Hi, my name is Elke and I am a compulsive overworker.
When I say ‘compulsive’ I literally mean I cannot help myself. I am ‘acting from a compulsion’ as the Oxford English Dictionary defines it. When I work less than 10 hours I feel guilty, after all there is always more to do, more to learn, more to improve. Even going down to 10 hours has been a bit of a struggle: before having children, I was regularly working 12 hours a day. In one year, I regularly came in on my days of annual leave. Now that I have children, I need nearly all my annual leave to cover childcare, so I can’t do that anymore. But, probably, if I didn’t, I would still do crazy things like that.
And that’s the thing to remind myself: it is crazy. I have a job. My contract specifies that I should work 37.5 hours a week. That’s 7.5 hours a day. By working 10, I regularly work 2.5 hours more than I should do. That means that every third day I have worked an additional day for free. By the end of the year, this translates to 75 days a year that I have worked for free. In other words, I work more than twice my holidays for free.
There are two points to consider regarding this. First, why do I do that?
Well, the answer is complex, but let me start with something that is probably staring you directly in the face: we (nearly) all do it. A few years ago, Catherine Johnson discussed this in relation to discourses of attachment (‘Do what you love’) which constantly blur the lines between work and leisure. We ‘work ourselves to death’, she argued, because our work was constantly framed as something we loved, and who wouldn’t want to work more on something they love? As she highlighted, whilst discourses of self-care seem to individualise the responsibility of overwork, in an environment where the same discourses also emphasise attachment, such self-care might actually be the most radical step. Karen Boyle agreed, also because the self-care in such an environment would work against a general culture of overwork where successful careers are seemingly built on overwork. In light of the fact that at the end of the day, ‘we are the academy’, a discourse of self-care could be thoroughly disruptive: they highlight to future academics that our and therefore their own well-being matters. That this is not something that aspiring academics find often in the environment in which they study, is made amply clear in this video:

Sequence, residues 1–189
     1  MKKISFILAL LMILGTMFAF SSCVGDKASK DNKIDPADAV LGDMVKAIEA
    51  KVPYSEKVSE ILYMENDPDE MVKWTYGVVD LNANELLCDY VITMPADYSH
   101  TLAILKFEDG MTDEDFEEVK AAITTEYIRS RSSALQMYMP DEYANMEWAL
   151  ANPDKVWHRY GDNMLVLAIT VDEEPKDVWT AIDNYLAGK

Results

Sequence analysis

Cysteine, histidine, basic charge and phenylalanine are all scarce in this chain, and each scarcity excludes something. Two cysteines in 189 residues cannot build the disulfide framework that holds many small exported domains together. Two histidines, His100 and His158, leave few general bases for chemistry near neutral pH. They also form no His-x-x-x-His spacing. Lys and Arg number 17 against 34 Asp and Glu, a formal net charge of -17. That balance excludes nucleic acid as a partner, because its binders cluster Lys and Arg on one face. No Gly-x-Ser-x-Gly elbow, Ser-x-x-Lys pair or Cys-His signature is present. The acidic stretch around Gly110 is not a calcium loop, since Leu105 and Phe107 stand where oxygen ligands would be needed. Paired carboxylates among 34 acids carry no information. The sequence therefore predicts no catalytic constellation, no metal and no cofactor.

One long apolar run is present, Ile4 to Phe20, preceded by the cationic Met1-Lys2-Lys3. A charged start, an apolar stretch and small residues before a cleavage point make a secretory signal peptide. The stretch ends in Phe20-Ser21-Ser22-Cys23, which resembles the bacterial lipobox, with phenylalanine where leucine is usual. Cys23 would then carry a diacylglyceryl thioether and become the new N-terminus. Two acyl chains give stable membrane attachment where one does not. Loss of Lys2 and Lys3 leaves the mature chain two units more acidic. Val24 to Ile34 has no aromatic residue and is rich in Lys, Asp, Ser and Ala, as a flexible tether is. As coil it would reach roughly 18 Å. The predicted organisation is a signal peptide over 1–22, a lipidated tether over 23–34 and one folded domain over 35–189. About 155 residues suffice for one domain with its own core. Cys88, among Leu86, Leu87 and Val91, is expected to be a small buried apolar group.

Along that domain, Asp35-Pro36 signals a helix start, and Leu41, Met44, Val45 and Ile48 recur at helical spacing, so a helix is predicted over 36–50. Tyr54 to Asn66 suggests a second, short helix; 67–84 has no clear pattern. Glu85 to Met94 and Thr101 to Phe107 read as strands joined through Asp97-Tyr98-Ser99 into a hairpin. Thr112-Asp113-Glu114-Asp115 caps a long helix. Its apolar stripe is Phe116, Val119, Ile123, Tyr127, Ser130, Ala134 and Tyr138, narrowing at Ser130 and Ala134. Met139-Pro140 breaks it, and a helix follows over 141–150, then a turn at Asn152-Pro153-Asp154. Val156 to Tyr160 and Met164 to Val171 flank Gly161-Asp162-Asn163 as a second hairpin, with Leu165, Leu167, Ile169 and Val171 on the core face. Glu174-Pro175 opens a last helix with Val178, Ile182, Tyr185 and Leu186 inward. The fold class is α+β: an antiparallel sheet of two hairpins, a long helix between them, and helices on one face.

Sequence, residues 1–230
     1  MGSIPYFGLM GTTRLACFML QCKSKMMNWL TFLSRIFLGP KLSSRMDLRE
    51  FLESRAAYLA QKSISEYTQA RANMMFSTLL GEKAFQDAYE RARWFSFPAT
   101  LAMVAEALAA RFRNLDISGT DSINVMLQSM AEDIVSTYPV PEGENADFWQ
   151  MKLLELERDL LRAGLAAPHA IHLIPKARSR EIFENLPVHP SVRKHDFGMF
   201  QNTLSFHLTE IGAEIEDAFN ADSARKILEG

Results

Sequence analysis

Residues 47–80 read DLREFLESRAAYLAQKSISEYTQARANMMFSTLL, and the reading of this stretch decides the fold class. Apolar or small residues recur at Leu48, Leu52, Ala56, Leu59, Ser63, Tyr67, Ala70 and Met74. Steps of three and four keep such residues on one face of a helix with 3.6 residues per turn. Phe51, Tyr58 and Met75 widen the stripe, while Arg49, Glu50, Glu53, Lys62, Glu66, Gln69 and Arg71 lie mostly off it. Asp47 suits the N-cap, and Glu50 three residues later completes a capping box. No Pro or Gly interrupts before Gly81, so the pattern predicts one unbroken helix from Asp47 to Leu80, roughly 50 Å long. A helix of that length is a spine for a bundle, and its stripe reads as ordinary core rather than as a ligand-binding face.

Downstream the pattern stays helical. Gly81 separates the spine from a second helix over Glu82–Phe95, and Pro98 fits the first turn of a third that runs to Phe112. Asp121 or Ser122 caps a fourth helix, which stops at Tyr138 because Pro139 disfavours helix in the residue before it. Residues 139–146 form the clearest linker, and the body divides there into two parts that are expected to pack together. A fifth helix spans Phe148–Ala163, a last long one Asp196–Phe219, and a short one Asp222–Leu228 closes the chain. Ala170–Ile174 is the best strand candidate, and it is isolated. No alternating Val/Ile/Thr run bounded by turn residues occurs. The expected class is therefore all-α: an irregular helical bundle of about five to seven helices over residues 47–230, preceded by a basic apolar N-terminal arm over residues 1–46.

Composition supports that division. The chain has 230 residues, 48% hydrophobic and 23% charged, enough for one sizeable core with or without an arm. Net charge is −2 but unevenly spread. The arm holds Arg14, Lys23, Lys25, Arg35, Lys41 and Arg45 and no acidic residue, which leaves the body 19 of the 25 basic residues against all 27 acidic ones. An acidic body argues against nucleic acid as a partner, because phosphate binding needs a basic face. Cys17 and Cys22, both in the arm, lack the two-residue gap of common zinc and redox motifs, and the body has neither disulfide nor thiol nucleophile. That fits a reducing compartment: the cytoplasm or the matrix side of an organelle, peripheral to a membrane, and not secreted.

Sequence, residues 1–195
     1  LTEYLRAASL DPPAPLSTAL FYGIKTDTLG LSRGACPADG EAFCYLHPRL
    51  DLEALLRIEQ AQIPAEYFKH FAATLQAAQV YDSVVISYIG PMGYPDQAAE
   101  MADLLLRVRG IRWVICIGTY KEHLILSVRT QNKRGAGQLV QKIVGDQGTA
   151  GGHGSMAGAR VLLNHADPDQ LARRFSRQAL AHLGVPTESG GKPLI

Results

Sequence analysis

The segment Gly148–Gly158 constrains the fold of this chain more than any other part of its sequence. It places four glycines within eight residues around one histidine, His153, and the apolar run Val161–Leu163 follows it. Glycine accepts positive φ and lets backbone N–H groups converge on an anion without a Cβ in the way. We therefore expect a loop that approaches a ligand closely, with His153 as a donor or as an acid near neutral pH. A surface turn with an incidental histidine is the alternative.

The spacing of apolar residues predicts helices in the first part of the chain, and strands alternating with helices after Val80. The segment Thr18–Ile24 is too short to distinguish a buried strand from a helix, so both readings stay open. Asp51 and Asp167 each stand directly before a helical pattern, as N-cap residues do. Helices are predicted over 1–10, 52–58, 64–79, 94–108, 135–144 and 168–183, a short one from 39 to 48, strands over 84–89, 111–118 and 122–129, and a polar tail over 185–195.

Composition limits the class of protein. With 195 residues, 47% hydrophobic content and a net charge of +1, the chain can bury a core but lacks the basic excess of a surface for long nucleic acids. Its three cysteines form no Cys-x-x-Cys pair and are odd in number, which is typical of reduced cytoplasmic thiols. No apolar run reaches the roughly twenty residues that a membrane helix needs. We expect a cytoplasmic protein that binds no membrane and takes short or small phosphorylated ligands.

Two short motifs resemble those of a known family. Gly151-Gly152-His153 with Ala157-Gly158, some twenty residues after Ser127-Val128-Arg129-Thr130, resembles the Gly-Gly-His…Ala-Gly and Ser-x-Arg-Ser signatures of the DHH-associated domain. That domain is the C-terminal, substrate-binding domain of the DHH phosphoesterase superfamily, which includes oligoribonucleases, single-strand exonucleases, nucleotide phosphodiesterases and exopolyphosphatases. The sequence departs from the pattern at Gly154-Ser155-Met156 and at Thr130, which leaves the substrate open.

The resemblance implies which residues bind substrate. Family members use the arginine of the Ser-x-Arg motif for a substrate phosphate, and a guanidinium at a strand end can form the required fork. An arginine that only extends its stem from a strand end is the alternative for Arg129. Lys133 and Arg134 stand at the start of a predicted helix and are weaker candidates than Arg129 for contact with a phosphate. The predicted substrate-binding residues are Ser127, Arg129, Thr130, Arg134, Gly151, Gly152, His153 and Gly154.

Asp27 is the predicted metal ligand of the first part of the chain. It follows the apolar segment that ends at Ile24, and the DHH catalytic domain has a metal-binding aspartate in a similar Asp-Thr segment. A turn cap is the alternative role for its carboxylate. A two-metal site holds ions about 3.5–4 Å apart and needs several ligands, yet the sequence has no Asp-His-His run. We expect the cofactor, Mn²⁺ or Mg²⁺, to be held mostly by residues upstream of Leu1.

Thus, overwork is visible to everyone inside the academy, and perpetuates the culture which we ourselves find so exploitative and exhausting. Nevertheless, our testimonials can also be motivation to change. Karen Boyle ended her blog with the following words:
“That MeCCSA and CST are providing spaces for the airing of these issues is an important move. We don’t yet have all the answers, but, if we find time out of our (busy) lives to keep this conversation going, maybe we’ll get there.”
That was four years ago. And still we overwork and do little against it.
The culture of overwork is everywhere. Colleagues regularly tell me of the fact that they have worked 12 days without a break, or they evidence that they overwork by sending emails at 11 at night. The mailing lists such as MeCCSA and BAFTSS regularly ping emails in the middle of the night too, suggesting that this culture of overwork is not restricted to my university. Even popular culture creates a direct connection between studying and overwork, as this image from Charmed (season 2’s ‘Ex Libris’) makes visible:
In the UK, such behaviour also expands to other sectors. One of the most notorious for overworking is the industry that we are all so passionate about, namely TV. 14-hour working days are normal. Working six days a week is normal. As my colleague Perelandra Beedles highlighted in a paper she gave at the last Critical Studies in Television conference, this has obvious detrimental effects on the ability of women to stay in the industry once they decide to have children. Her findings are backed up by research conducted by BECTU, the media and entertainment union, which in 2017 published the Eyes Wide Shut report which has led to a sustained campaign against long working hours under the same name. So, it’s perhaps no surprise that we follow suit. But it’s not as if our colleagues in other departments were any better. Indeed, a report by the UCU – the British University and College Union who represent us – shows that workloads have become unmanageable for a variety of different reason. We overwork, the UCU suggests, not because we act from a compulsion, but because there is too much to do. And let me be honest: I do think that’s the case for me as well.